In my previous blog post I wrote about the process of turning a manuscript into a book. In this follow-up I want to share what the marketing and publicity team at Little, Brown have done subsequently to get the word out.
To get published by a traditional publisher seems a long process to many of my self-published friends. I signed the contract in November 2014 and my book will be published almost exactly 12 months after. The editing process that I described in my previous post finished in January. As a first-time author, it wasn’t clear to me in advance what the publisher does to get the book in the shops and in the hands of readers. A big Thank-You goes to Kate Doran and Florence Partridge at Little, Brown for guiding me through this.
Kate Doran, Senior Marketing Manager at Little, Brown explained the process to me as follows:
- 9 months out from publication there is a planning meeting to discuss positioning and strategy for the book. At this point the cover should have already been briefed.
- 6 months out we present a digital sales brochure to the key account managers for each retailer and also to our reps. The key account managers cover every retailer from Waterstones, WH Smith and Amazon to the supermarkets. Our team of sales reps also look after different areas of the country and visit individual bookstores to hand-sell titles – Little, Brown is one of the few publishers still to have a strong field sales team and this can make a huge difference in getting support for a book from the grass roots up. At this point we will also meet with the author to discuss initial marketing and publicity ideas.
- 2 – 3 months before publication we will try to finalize our plans. Not all books are supported by a big paid advertising campaign so we are increasingly looking for more creative ways market our books, working closely with the author to do so.
One of the creative ways that Little, Brown uses – and this is worth checking out for self-published authors too – is NetGalley, where bloggers, librarians, reviewers and (more and more) buyers from bookstores can download an ebook version of the book for free, once they have been approved. For my book this has meant that I got a number of Goodreads reviews before the book was even released and 35 people liked the cover. Clearly having a publisher is a huge advantage as they have built an audience on Netgalley – with 800 followers – which gave my novel instant visibility.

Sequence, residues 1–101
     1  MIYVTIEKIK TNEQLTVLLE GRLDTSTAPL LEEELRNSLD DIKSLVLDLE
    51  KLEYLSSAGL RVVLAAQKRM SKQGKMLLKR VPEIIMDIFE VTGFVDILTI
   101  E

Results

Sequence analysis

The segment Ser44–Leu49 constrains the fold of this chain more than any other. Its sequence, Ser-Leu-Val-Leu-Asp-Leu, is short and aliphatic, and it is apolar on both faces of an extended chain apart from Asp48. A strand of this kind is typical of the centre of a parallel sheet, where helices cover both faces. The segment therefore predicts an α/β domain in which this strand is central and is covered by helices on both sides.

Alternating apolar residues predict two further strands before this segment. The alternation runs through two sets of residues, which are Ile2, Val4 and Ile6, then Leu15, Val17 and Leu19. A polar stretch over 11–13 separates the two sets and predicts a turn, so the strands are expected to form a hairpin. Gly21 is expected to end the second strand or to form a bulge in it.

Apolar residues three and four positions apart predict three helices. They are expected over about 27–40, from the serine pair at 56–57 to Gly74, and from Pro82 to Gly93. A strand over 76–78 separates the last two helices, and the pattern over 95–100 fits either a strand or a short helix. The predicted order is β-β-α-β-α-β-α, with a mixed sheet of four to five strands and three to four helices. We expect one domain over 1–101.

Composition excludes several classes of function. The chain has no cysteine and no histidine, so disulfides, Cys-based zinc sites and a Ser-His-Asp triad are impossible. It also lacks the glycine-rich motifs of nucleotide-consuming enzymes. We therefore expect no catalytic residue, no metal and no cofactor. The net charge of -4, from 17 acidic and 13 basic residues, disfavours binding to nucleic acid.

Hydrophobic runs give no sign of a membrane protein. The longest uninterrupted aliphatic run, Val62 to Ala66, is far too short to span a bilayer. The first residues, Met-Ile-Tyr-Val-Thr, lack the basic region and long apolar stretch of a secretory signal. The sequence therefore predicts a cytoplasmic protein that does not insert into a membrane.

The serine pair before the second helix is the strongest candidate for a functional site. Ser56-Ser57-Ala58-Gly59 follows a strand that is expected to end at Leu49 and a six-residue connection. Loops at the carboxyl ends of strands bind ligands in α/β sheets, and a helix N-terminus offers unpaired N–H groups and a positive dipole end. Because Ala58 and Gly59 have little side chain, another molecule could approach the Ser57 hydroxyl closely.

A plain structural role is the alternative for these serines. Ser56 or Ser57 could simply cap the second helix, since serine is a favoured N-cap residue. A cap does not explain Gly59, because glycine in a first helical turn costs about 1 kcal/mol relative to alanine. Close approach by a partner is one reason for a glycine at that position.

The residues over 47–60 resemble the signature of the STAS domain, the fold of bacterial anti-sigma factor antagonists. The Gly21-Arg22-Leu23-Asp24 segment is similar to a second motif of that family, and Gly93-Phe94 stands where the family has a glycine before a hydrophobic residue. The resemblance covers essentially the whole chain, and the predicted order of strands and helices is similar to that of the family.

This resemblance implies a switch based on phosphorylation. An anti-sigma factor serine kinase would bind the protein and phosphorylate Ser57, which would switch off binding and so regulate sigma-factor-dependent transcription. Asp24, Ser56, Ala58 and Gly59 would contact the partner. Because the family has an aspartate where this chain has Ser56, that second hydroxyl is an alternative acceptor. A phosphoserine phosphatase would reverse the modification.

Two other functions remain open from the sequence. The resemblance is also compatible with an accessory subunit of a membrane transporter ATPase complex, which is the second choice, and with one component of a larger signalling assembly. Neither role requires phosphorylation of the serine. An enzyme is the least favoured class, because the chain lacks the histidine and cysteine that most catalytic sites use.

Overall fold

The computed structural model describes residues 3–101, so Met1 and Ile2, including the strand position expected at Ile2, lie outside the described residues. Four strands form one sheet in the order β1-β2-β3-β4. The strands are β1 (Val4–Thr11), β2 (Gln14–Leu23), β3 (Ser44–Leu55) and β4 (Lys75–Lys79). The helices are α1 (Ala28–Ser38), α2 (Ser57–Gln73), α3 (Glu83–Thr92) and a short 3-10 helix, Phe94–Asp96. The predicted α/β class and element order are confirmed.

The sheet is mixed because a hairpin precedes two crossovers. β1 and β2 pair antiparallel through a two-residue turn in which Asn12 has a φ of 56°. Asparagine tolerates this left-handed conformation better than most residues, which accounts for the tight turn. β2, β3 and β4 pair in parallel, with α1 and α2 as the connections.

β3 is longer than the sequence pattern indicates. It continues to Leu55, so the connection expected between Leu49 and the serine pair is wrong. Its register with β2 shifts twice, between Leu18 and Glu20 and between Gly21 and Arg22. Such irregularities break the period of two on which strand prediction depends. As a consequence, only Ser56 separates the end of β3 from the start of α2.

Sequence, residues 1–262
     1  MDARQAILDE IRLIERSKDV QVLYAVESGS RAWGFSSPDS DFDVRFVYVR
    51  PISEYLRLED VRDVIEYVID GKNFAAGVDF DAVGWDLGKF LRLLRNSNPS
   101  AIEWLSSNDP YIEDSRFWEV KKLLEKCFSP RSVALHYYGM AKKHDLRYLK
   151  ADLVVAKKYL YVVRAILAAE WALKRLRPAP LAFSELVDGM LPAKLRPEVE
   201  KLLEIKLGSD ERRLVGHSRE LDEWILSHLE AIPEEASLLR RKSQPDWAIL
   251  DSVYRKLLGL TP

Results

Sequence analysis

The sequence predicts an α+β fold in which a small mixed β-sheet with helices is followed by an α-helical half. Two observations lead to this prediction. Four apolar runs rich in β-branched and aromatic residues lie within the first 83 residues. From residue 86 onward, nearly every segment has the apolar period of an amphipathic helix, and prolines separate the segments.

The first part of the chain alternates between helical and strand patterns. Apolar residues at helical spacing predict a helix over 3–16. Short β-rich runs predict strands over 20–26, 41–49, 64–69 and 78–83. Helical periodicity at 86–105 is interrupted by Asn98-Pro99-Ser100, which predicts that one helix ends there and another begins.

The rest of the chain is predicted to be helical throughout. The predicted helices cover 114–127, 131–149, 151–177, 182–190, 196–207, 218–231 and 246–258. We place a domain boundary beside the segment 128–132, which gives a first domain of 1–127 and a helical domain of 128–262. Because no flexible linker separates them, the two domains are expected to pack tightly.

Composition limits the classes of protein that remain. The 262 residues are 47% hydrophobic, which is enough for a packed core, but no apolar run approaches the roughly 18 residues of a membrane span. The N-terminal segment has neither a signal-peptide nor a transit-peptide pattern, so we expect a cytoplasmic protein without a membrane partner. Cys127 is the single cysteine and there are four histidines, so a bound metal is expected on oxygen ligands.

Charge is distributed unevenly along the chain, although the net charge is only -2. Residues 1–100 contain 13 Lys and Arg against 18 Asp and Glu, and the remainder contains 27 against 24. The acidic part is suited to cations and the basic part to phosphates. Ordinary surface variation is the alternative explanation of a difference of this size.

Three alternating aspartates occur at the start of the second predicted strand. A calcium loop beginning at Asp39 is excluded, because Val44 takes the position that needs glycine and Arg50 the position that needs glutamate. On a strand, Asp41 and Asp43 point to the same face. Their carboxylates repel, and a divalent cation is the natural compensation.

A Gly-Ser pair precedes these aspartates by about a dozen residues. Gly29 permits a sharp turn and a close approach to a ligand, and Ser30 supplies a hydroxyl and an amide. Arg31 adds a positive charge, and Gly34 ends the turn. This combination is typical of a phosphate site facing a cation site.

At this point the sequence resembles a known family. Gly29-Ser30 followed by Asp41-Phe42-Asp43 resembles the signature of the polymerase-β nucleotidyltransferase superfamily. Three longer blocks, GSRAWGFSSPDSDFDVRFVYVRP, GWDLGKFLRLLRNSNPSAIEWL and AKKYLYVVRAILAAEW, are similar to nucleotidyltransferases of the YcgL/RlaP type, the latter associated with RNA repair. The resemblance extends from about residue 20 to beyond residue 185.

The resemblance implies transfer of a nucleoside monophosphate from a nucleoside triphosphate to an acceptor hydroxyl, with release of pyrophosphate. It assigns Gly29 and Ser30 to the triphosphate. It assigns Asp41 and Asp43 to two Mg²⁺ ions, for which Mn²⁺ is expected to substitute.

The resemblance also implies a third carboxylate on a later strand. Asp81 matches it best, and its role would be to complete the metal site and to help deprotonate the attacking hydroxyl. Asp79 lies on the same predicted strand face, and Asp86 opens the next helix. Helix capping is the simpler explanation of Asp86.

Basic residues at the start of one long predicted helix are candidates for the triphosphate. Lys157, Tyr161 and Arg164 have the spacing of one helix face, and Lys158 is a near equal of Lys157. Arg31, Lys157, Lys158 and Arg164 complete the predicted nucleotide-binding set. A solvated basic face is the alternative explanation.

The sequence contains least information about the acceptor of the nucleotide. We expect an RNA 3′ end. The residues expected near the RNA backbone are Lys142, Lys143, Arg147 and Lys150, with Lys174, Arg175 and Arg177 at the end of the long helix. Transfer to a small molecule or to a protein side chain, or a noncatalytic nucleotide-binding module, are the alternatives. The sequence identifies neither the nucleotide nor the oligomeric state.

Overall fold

In addition, Florence, my publicist, sent out ARCs (Advance Review Copies) to a group of reviewers, followed by a wider mailing once she got the hardback. This happens about five weeks before the launch. We won’t know how many (if any) reviews we’ll get until much closer to the launch date (fingers crossed).
Being published by Constable, which is part of Little, Brown, has given me access to a lot of wonderful people who help me with publicity and marketing. The publisher’s presence on sites like Goodreads, Netgalley and Crime Vault – their own crime newsletter- showcases my book to a captive audience, which a self-published author has to (and can!) build themselves through blogs, twitter, Facebook and Goodreads. But as marketing budgets have shrunk, it’s as crucial for traditionally published authors to build up their profile and have a digital presence.
Of course time is limited and when I’m writing blog posts, I’m not working on my next novel. But being part of a discussion about publishing has been really gratifying. I hope that sharing my experiences has helped other authors out there. Do get in touch if there’s anything else you’d like to know. If I don’t have the answer, at least I can ask some people who do!